Trial by Fire (Continued)
April 1, 2012 by JoBe Cerny
So, as I hung up the phone, I was shocked that I was hired by The Second City, and that I had to be at the theatre within the hour to do the show that night. I was sort of panicked. I had been shooting since dawn, but I had to change clothes and leave immediately to get to the theatre. Old Town didn’t have much parking available back then, and I didn’t know if I would even be able to find a parking space before the show started.
Sixteen of us were invited to perform that night, and we all found out about it at the last minute. Most of us didn’t even know one another. But we were being hired to improvise so we guessed this was part of the process. It all happened so fast, I really don’t remember much from that night. Each person who was asked to come that night had a strong personality and a distinctively interesting look. As we got to know each other, it was obvious we all had different backgrounds. Bill Murray, Betty Thomas, Alan Wittert, Dick Blasucci and R.C. Lieberman had the most improvisational experience at The Second City. Doug Steckler, Ken Smith and Patti Saladino were stand-up comedians. And there were several comedy actors like myself and Debbie Campion. Bill Murray and Betty Thomas went on to notable acting careers. Doug Steckler and Dick Blasucci went on to write for SCTV, and later, Dick became head writer of MADD TV. Ken Smith was a founding member of The Chicago Hysterical Society which launched the careers of many stand-up comedians. There were other actors there that night, but four of them left after the first night and never came back. Traditionally a cast consisted of seven members, and we all knew that we were competing for one of the seven slots.
It was a pretty exciting time at The Second City because they were opening the Canadian Second City Company in Toronto at the same time. So people like John Candy, Danny Ackroyd, and Gilda Radner were working with the Chicago Main Stage cast. Joe Flaherty who became a regular on SCTV was officially the director of the Touring Company Cast that I was part of. The Second City has always been a Mecca for comedy, and no other organization has ever developed more successful comedy talent. Fortunately, I have gotten to know and work with most of the cast members of The Second City going all the way back into the 1960’s. In a way, it is like being in a member of a fraternity. But, it was my first really big break. Up until that time, I had trouble finding an agent to represent me. Then suddenly I had several agents who wanted to sign me. When we took the stage each night, we never knew who might be sitting in the audience looking for talent. So we all regarded this opportunity as a significant one. There was always pressure and a sense of competition, but it taught all of us to be consistently good.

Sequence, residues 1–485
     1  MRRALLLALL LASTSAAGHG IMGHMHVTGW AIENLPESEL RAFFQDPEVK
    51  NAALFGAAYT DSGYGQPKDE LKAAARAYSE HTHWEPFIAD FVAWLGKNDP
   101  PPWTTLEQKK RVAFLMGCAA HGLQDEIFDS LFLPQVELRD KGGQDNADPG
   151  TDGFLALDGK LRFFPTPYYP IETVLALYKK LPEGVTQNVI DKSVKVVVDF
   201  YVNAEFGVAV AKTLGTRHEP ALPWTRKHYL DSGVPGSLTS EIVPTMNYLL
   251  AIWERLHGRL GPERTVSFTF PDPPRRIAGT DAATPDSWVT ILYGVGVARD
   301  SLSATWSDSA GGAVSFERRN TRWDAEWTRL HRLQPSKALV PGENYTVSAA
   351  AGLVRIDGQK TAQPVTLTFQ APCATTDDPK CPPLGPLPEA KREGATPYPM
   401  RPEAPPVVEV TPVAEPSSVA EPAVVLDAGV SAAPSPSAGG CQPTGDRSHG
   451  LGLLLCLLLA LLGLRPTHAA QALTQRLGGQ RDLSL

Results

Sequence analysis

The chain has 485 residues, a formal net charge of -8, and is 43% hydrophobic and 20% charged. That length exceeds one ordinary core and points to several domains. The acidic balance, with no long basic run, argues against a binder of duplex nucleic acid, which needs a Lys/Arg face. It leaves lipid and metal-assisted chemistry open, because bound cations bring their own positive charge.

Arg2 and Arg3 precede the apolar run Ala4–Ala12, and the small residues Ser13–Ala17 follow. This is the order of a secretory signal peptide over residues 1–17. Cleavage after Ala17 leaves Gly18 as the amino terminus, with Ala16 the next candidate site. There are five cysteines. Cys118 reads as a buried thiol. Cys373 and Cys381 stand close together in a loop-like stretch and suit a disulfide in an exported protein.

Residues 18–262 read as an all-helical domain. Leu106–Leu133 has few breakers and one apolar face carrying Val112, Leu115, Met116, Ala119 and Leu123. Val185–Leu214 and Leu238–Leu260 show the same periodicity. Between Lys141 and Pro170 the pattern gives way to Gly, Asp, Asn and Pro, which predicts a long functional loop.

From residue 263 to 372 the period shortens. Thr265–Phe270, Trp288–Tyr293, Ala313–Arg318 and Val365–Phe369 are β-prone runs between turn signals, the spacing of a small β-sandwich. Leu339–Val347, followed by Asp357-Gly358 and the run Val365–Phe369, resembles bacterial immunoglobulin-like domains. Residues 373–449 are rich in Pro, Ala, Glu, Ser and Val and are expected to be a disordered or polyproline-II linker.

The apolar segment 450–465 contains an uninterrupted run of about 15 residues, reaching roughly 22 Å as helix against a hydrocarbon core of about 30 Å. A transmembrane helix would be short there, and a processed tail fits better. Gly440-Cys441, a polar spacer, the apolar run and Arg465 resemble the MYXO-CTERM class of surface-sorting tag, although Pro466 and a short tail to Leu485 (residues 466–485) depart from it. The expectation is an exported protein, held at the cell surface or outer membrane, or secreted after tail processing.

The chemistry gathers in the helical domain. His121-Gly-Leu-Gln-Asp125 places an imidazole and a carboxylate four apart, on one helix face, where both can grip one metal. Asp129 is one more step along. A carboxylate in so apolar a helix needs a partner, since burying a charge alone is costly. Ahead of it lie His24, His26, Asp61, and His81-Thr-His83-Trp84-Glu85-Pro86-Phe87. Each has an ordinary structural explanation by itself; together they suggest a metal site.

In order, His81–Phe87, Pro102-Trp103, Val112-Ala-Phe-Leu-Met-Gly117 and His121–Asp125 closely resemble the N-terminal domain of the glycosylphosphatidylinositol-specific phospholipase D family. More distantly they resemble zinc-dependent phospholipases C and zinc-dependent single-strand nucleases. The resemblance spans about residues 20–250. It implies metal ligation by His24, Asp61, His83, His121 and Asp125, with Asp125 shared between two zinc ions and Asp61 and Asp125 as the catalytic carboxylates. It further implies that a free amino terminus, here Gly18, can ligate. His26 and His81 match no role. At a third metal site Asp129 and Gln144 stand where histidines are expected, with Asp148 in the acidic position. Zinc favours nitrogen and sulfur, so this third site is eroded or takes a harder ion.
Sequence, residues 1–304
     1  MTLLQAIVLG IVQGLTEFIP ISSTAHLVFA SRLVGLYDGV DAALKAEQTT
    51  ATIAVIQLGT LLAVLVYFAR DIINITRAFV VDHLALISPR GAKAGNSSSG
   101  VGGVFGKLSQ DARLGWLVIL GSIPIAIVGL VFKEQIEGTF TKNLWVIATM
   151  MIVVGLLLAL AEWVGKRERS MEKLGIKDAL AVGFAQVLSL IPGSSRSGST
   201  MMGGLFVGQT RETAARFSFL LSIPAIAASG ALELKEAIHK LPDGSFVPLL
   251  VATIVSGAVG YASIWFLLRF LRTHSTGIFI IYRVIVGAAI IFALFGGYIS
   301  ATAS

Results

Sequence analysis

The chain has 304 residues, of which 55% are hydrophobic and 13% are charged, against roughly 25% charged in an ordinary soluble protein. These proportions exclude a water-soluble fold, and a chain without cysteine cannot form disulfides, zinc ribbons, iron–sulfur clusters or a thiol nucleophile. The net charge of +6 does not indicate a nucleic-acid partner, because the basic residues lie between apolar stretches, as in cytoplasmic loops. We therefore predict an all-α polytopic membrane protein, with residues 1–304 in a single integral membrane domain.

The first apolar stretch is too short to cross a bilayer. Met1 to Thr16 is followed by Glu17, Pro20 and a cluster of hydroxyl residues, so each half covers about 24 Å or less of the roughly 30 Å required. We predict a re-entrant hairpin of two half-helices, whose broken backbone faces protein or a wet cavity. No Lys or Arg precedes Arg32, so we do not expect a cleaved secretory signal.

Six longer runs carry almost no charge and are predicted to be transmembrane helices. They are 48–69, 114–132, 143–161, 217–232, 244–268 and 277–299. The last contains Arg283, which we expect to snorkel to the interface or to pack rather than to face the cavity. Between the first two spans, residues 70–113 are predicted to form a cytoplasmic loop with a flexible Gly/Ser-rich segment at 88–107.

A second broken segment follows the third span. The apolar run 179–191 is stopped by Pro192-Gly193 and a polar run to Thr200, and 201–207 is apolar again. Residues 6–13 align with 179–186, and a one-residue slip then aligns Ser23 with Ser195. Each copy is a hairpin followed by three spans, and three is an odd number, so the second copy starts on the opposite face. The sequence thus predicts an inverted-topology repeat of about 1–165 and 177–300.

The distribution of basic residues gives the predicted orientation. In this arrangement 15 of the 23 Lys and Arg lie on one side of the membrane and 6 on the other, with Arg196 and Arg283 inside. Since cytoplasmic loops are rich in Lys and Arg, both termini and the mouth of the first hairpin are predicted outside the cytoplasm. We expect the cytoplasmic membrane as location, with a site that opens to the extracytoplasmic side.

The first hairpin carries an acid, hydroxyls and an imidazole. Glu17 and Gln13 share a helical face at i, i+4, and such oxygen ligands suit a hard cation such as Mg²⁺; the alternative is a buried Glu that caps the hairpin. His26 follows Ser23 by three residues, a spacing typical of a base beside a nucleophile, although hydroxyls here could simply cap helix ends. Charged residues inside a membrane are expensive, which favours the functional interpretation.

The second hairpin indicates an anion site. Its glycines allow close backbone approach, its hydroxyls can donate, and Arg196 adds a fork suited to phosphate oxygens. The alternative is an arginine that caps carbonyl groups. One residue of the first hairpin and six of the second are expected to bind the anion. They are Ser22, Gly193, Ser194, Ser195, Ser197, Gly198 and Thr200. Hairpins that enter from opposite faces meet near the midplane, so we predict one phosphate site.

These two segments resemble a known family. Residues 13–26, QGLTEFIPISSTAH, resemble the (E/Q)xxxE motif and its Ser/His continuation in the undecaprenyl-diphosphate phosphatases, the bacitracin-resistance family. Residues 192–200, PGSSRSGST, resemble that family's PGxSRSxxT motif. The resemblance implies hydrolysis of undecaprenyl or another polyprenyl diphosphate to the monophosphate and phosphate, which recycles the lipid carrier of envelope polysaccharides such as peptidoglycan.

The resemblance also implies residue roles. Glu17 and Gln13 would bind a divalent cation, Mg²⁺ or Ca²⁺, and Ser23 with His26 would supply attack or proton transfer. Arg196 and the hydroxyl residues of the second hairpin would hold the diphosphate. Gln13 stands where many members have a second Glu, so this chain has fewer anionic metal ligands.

We eventually toured a “Best of The Second City Review”. Sometimes we would play really large theatres and concert sites. Even though none of us were stars at the time, when we were introduced, audiences would scream like we were rock stars. And the “Best of Review” was a killer show. So we all gained confidence, grew and prospered. Eventually, we got sent to Cleveland for an extended run in a night club, and we began to create our own Second City Review. The club was Pickle Bill’s, and it was located on the Cuyahoga River which spontaneously caught on fire from pollution. So, it was a natural disaster of a place to perform comedy. But the most notable thing that happened that summer was Water Gate. And our cast did lots of Water Gate scenes, and we returned to Chicago with great reviews of our original show, and we took over for the Main Stage Cast so they could have a vacation. As soon as the Main Stage Cast left town, both Time Magazine and The New York Times showed up to review our show because it contained Water Gate Scenes. Everybody at Second City was nervous about our cast getting reviewed by national critics -- but we got great reviews!
But, shortly thereafter, I got a call from the Army. After my last Saturday night performance at The Second City, I had to get on a cargo plane at O’Hare Field and fly to Fort Hood, Texas. So improvisation would have to wait.
As I mentioned, natural attrition started to take place the first night, and four people decided to leave. After the first night, we started to have rehearsals and learn about each other and the process at The Second City. Since I never took classes in improvisation at The Second City, I was pretty far behind most of the other people. But my acting and writing talents helped me remain competitive. When I was in college, my creative writing teachers thought I wrote too fast (One teacher actually told me it took Milton thirty years to write Paradise Lost.). But, once I started working with other comedy writers, I learned how to think even faster. Everyone in the cast was like Buddy and Sally on the Dick Van Dyke Show; they were like comedy writing machines that could create humor as fast as they could think. The pressure to create went up several notches as we created new bits each night in front of live audiences. I am glad I got that kind of opportunity. As I learned years later, professional writers are expected to write on demand. When you get to a certain point in your career, there is no such thing as writer’s block.